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Yesterday I went back into Regensburg with one of my teammates for a day of shopping plus a little bit of sightseeing.  It really is such a beautiful town – but I have to admit that I went primarily for the shopping.  When I packed for this trip, I had just finished paying $50 to get my 70-pound suitcase (just one of my three bags) home from Maryland, and also heard a few horror stories from colleagues who had lugged heavy bags up and down three flights of stairs at various German train stations, surrounded by glaring angry commuting Germans, all yelling “Achtung! Move it, American!”  (I think the stories may have been exaggerated.)  I vowed that I would pack as light as possible for Germany, because yes I would be parked for two months while I did my work assignment, but after that I would be actually traveling as a traveler for two weeks in Ireland and didn’t want to anger any commuting Irishmen.  So I would pack super light and do without my creature comforts.  I could do it!  Go minimal!

What the hell was I thinking?

While adjusting to an essentially new job in a stressful culture, and life in a foreign country (including foreign currency, language, driving laws and social mores), there’s a great way to ensure that you will be even less comfortable, and that’s to leave all your favorite things at home.  For me that’s my favorite: weekend shirt, yoga pants, cardigan, iPhone armband, books, pastels and sketchbook, yoga mat, travel coffee mug, and Klean Kanteen water bottle.  Probably a total of ten pounds of things, with an incalculable amount of comforts-of-home packed in it.  Talk about something being worth its weight in gold!

So yesterday I found some workout/lounge clothes, a vaguely snuggly work sweater, and a couple other pieces of clothing that will make life a little bit easier here.  I didn’t find flat shoes or work pants that could be worn with flat shoes, and that’s really high on my list.  See, about 3 years ago I stopped wearing heeled shoes (initially to decrease the distance between Eric’s lips and mine, but I grew to really feel better in flats), and now my body just doesn’t like being slightly tipped over all day!  I have worn my 1.5 inch heels every workday since I got here, and my skeleton feels absolutely awful and achey, like I’m skating on jello.  Probably a bad analogy but, sheesh.  Anyway!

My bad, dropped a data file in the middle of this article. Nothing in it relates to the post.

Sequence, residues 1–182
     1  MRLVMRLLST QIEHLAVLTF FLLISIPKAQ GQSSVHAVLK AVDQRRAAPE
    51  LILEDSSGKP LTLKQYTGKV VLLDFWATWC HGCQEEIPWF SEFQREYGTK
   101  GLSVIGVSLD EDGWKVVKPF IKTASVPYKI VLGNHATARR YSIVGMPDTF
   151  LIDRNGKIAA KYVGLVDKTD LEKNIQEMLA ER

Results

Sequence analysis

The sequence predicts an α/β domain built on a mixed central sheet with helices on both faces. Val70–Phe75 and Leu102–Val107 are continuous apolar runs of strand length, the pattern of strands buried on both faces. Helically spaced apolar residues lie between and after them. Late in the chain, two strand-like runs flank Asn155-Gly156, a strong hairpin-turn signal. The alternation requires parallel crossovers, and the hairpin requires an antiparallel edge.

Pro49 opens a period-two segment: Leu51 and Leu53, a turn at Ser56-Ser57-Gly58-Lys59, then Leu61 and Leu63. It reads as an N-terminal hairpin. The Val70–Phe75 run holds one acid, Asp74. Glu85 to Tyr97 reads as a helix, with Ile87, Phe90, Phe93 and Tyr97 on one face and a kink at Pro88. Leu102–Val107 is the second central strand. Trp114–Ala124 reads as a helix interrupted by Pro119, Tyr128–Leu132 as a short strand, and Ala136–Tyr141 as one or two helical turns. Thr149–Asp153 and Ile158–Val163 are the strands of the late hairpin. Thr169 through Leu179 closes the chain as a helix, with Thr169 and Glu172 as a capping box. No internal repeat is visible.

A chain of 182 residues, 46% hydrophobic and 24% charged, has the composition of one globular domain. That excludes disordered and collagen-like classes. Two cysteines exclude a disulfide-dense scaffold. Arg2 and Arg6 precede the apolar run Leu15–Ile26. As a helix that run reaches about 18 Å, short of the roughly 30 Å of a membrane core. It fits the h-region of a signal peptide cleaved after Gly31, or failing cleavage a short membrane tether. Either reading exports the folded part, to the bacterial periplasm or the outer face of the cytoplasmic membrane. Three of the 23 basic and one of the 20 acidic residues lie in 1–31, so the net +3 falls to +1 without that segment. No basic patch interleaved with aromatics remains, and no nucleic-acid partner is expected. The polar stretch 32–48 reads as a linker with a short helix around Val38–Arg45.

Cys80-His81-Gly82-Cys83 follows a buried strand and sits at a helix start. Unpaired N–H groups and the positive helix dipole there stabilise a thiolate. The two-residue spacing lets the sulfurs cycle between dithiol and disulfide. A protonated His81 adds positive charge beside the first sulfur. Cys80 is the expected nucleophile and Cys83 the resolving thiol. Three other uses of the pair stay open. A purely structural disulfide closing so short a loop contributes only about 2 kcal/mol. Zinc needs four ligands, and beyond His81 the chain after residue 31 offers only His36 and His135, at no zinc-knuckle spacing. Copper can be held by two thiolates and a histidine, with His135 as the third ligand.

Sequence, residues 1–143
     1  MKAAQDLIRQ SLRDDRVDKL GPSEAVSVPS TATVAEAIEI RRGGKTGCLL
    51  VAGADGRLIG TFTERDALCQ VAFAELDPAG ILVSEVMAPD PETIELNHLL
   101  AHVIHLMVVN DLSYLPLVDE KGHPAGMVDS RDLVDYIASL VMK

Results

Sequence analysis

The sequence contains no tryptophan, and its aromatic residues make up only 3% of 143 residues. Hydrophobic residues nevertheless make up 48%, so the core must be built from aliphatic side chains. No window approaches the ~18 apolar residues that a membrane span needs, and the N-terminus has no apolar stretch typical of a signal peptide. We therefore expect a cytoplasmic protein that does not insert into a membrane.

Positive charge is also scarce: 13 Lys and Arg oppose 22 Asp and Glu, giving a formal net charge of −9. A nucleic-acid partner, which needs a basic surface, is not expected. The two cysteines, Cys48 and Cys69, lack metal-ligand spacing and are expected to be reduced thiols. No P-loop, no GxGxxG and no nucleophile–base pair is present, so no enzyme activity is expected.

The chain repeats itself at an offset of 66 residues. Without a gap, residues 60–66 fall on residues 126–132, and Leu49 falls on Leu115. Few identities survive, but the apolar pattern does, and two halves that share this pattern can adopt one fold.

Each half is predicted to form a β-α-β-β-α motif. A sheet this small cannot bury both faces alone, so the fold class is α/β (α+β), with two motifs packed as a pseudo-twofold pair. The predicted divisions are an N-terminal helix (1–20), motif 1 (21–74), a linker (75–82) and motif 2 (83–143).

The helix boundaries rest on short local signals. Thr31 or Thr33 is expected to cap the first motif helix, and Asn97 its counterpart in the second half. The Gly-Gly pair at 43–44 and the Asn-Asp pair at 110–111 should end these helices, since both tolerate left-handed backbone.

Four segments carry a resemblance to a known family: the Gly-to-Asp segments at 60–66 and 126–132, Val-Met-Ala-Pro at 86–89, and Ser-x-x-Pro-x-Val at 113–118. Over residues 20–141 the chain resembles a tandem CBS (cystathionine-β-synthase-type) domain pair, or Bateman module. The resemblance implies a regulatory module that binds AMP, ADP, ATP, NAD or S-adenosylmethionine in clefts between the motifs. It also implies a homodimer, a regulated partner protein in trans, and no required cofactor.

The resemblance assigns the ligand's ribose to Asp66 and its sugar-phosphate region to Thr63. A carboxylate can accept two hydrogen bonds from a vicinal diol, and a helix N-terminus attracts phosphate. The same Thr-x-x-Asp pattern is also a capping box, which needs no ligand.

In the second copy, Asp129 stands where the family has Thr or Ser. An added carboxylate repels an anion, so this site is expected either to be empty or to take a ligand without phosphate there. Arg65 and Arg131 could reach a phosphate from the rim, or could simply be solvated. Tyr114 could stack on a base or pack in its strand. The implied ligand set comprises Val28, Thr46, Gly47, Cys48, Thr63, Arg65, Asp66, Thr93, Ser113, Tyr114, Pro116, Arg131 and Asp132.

Regensburg’s crowning glory is the Dom, St. Peter’s Cathedral in the center of the old town.  It is an impressive Gothic structure, and I was duly impressed, although not charmed in the least.  I was struck most by the highly oppressive atmosphere inside the cathedral – it’s very dark inside, and despite the very high ceilings I actually started to feel short of breath and was relieved to get back out in the fresh air.  (Organized religion and I do not always mix.)  I did find myself in artistic appreciation of the statues and stone engravings in the Dom, though.  The colorful angel with the sword was my favorite; I imagined it to represent either Joan of Arc or the Archangel Michael, both figures that hold space in my heart.  Also the statue of the woman holding up her apron or skirt, was kind of lovely.  Her face is so beatific and beguiling.  I imagined that she was Hildegard Von Bingen, although again I have no idea whether she actually is or not.  (Notice also the picture of the three statues side by side, the one on the right being a new replacement.  It kind of tickled me, but also – imagine the whole Dom when it was gleaming new and marble white!  That must have been blindingly brilliant.)